-johan
Title: Re: Core Redundancy:What if?
Post by: tschak909 on October 15, 2008, 10:12:33 pm
DCE itself has a watchdog process which watches every thread, and if a particular thread takes too long to execute (60 seconds), it will kill the router, and send a message to the launch manager to restart the DCERouter and the associated devices.

There are also other associated scripts for each of the major daemons, such as Asterisk, MythTV, etc.

-Thom
Title: Re: Core Redundancy:What if?
Post by: johanr on October 15, 2008, 10:38:34 pm
 ::) makes me wonder why I even bothered thinking about node redundancy..
Thanks.. unless the watchdog dies I think I can live without node redundancy feeling pretty safe actually.

 Because hanging/ freeze or crash was one of my main concerns (as a regular windoz user I'm used to it..)

 Thanks!
 you just saved me alot of time...


-Johan
Title: Re: Core Redundancy:What if?
Post by: Marie.O on October 15, 2008, 11:19:20 pm
I wonder, if this could be integrated into a heartbeat type setup with a hot standby. hmmm

Title: Re: Core Redundancy:What if?
Post by: tschak909 on October 16, 2008, 12:10:51 am
people really need to stop, and thank Pluto for designing a system that was ultimately to be used as an appliance. The sheer amount of forethought that went into this system is nothing short of holy shit staggering.

-Thom
Title: Re: Core Redundancy:What if?
Post by: totallymaxed on October 17, 2008, 12:19:56 pm
DCE itself has a watchdog process which watches every thread, and if a particular thread takes too long to execute (60 seconds), it will kill the router, and send a message to the launch manager to restart the DCERouter and the associated devices.

There are also other associated scripts for each of the major daemons, such as Asterisk, MythTV, etc.

-Thom


The problem with that though is that this brings the whole system to a halt while the the reload router happens. In some situations this is a pain. ie I'm watching a movie and some device thread dies... and the watchdog decides to reload the router!... my movie playback gets killed for possibly 1-2 mins on a big complex system while the reload happens... then i have to manually restart my movie. Not really very nice at all.

Ideally we need to be able to resurrect a thread without having to restart the whole router to do it...

Andrew
Title: Re: Core Redundancy:What if?
Post by: johanr on October 17, 2008, 12:41:20 pm
The problem with that though is that this brings the whole system to a halt while the the reload router happens. In some situations this is a pain. ie I'm watching a movie and some device thread dies... and the watchdog decides to reload the router!... my movie playback gets killed for possibly 1-2 mins on a big complex system while the reload happens... then i have to manually restart my movie. Not really very nice at all.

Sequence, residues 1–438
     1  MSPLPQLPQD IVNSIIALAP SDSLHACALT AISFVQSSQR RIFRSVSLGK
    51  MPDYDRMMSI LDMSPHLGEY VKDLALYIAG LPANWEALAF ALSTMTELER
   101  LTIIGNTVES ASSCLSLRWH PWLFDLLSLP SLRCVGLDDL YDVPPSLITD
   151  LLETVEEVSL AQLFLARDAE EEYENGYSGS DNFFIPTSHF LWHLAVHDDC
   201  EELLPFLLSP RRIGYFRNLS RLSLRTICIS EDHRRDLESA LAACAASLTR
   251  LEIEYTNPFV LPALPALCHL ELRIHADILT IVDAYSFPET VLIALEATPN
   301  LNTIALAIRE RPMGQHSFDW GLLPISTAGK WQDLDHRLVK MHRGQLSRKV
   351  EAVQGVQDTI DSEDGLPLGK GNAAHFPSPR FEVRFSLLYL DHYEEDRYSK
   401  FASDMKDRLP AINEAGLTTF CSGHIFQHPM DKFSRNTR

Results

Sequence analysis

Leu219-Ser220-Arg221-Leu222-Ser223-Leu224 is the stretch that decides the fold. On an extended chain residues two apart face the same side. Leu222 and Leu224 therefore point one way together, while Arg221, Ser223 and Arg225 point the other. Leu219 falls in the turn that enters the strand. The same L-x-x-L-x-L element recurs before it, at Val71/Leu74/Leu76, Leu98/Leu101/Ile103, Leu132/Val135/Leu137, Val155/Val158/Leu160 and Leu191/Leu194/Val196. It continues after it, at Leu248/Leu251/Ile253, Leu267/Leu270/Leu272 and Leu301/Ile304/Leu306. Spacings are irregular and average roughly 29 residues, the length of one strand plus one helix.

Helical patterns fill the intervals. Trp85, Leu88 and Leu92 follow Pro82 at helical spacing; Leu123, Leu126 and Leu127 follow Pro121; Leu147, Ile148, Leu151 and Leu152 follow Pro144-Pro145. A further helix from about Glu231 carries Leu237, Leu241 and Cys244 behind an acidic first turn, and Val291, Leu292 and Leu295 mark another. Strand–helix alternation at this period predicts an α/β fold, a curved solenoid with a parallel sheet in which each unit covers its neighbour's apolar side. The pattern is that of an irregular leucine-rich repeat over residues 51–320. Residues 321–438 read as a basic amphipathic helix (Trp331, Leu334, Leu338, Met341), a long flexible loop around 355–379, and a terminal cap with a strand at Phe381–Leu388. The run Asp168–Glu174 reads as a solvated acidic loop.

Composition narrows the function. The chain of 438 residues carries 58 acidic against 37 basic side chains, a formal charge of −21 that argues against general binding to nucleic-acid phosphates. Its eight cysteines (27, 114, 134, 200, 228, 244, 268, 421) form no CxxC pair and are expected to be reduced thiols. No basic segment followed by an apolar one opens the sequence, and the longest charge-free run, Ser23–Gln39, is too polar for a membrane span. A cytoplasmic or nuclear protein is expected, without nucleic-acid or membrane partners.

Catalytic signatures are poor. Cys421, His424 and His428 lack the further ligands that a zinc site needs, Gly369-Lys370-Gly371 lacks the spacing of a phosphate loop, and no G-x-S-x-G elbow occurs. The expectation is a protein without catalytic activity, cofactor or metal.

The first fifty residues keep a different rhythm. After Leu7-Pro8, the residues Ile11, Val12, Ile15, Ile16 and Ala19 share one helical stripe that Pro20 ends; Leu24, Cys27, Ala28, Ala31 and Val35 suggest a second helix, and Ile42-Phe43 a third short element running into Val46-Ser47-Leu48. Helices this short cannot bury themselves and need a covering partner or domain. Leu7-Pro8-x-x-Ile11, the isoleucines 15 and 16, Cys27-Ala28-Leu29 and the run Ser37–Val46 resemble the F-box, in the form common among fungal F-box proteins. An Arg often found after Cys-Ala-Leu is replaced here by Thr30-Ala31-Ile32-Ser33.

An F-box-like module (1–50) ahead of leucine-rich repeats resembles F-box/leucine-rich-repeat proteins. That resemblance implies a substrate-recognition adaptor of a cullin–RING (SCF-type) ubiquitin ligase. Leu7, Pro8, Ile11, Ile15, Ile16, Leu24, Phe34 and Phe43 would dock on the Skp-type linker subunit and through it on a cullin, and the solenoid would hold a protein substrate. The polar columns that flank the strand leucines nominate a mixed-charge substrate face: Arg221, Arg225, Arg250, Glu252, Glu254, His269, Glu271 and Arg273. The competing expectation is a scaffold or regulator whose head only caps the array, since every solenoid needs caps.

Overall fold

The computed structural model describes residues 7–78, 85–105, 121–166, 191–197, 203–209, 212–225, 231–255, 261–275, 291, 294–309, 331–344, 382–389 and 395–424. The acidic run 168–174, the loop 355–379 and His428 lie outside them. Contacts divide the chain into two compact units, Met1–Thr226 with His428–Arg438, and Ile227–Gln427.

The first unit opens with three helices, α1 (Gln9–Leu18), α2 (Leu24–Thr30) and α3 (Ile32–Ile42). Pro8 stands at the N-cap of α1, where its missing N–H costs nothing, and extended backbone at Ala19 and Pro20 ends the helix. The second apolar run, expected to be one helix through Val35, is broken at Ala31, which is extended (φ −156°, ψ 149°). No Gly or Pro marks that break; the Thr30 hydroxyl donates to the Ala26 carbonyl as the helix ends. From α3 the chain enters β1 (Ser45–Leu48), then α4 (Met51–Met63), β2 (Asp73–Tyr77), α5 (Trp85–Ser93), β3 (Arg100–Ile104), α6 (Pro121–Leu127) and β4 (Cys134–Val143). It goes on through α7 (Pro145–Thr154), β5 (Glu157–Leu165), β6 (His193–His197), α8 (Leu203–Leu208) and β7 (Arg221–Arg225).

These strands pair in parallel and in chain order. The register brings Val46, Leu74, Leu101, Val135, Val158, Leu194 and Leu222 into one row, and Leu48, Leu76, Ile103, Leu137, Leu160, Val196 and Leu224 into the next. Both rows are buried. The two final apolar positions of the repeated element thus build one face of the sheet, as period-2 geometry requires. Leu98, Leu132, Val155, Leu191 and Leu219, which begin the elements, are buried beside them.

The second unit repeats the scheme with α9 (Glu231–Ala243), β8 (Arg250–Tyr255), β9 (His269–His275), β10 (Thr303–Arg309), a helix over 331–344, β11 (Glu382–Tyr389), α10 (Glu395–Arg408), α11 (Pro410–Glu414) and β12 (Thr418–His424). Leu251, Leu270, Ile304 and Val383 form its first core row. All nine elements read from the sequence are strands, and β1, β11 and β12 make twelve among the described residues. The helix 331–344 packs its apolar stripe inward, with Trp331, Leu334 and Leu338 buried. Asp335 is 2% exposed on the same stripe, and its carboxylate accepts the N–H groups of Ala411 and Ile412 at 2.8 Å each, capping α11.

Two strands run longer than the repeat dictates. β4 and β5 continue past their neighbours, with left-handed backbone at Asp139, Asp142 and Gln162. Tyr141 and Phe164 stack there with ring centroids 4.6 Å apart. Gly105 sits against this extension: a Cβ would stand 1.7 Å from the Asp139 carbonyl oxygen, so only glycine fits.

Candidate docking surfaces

Ideally we need to be able to resurrect a thread without having to restart the whole router to do it...

Andrew

Yes, That's true. That's off course a draw back. How often does this happen for you(or your customers)? (router reload due to the watchdog)
However I rather have this than the whole router getting jammed because of a thread doing nothing.

-johan
Title: Re: Core Redundancy:What if?
Post by: fryed_1 on October 21, 2008, 11:25:38 pm
I suppose it would be possible to have a separate DB box running mysql so you can cluster it to a raid5 filesystem and all that.  That keeps your database going no matter what.  Same with your media files.

Two identical boxes replicated could sit behind a load balancer on your network, each with backend connections to the database.  In the event of the primary box failure, the load balance could shift all traffic from that box to the backup one.

Not sure how the media directors would react to that though, unless you had some scripts to automate changing of channels on the two router boxes so they stayed in sync.  And you'd still have to reload movies, tv shows and the like in the event of a failover.

But if you were absent at the time and the primary box goes down, you could at least rest assuredly that security would only be down for a minute or two once the failover took place.  Could probably setup a reload router script that the router could trigger manually from the command line as well to ensure that a failover situation started fresh.
Title: Re: Core Redundancy:What if?
Post by: tschak909 on October 21, 2008, 11:26:57 pm
*shake-head*

*head-in-hands*

guys, stop thinking with duct tape! damn it.